Differences in Affect Expressivity between Subtypes of Non-Suicidal Self-Injury

Author(s): Ingrid Van Camp, Mattias Desmet, Ruth Inslegers, Reitske Meganck.

Journal Name:Adolescent Psychiatry

Volume 3 , Issue 3 , 2013


Background: In the past several empirical studies have examined the relationship between non-suicidal selfinjury (NSSI) and affect inexpressivity, and have provided mixed results. This led us to the hypothesis that there exist two groups of self-harmers (HS and PS) that differ with respect to affective expression.

Methods: To test this we divided a sample of self-harmers into two phenomenologically distinct groups, based on the theory of Huband and Tantam. Subsequently these groups were compared on a number of measures that assess affect expressivity, intensity and management.

Results: No difference in affect expression was found between the group of self-harmers as a whole and controls, but a significant difference was obtained for the subtypes. Moreover, one group (PS) was characterized by a significantly higher negative affect intensity and diminished management of emotions, while the other group (HS) scored significantly higher on positive affect intensity.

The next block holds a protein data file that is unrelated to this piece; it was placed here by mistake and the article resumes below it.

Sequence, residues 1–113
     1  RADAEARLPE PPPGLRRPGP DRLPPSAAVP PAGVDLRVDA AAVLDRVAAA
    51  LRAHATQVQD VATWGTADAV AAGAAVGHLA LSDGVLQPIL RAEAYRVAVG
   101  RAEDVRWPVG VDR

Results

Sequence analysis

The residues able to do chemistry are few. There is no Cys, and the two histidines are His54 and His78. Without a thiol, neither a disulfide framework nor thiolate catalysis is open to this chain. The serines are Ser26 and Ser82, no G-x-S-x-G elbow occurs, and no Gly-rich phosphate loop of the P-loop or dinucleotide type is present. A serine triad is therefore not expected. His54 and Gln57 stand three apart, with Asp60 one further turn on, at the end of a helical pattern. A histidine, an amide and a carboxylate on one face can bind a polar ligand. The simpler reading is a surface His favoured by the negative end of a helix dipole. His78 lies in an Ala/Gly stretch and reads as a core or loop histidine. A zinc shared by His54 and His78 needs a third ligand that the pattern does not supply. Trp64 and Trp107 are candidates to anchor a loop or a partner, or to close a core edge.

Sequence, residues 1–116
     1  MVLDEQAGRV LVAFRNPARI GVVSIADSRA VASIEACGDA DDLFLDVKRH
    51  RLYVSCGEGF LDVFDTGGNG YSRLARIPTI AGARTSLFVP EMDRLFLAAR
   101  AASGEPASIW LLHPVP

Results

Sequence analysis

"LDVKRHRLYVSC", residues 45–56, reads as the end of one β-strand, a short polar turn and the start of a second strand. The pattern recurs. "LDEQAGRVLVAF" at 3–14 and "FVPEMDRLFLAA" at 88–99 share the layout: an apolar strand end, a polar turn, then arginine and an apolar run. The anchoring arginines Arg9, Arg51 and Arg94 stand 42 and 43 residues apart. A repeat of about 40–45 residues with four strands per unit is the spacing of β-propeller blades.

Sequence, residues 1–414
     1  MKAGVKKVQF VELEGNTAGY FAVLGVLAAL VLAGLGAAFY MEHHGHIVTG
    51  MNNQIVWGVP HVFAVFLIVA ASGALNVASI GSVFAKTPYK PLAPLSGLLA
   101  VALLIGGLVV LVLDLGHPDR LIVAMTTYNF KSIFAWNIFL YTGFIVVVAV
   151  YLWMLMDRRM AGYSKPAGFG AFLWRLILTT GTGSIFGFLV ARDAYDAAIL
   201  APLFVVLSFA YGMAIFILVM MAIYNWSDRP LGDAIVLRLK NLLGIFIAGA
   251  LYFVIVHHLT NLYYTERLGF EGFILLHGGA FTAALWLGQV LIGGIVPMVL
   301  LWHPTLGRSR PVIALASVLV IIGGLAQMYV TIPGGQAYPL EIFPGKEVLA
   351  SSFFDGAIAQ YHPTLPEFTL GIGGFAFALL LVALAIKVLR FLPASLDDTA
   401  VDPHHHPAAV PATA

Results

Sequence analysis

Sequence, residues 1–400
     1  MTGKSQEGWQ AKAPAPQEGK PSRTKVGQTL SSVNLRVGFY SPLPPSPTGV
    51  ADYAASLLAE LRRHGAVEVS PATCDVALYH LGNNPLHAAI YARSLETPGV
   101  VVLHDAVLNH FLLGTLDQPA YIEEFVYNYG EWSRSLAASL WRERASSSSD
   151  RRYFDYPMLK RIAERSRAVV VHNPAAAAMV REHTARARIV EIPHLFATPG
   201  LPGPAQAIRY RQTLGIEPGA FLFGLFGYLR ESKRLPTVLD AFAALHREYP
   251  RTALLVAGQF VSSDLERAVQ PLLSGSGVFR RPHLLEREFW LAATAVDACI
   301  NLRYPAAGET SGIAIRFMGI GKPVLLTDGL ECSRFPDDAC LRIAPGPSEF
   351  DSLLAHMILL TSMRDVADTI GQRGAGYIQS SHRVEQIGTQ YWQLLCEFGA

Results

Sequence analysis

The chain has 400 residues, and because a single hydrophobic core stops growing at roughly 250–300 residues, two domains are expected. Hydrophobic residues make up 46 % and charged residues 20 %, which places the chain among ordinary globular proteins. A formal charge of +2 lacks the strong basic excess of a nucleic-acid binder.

Conclusion: Differences in affect expression were only found in the subgroups of NSSI. In the total group of self-harmers this effect was levelled out. This finding underscores the importance of distinguishing subtypes of NSSI.

Keywords: Non-suicidal self-injury, deliberate self-harm, emotional expressivity, alexithymia, emotional intensity, subtypes, emotional management.

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Article Details

Year: 2013
Page: [269 - 276]
Pages: 8
DOI: 10.2174/2210676611303030008
Price: $58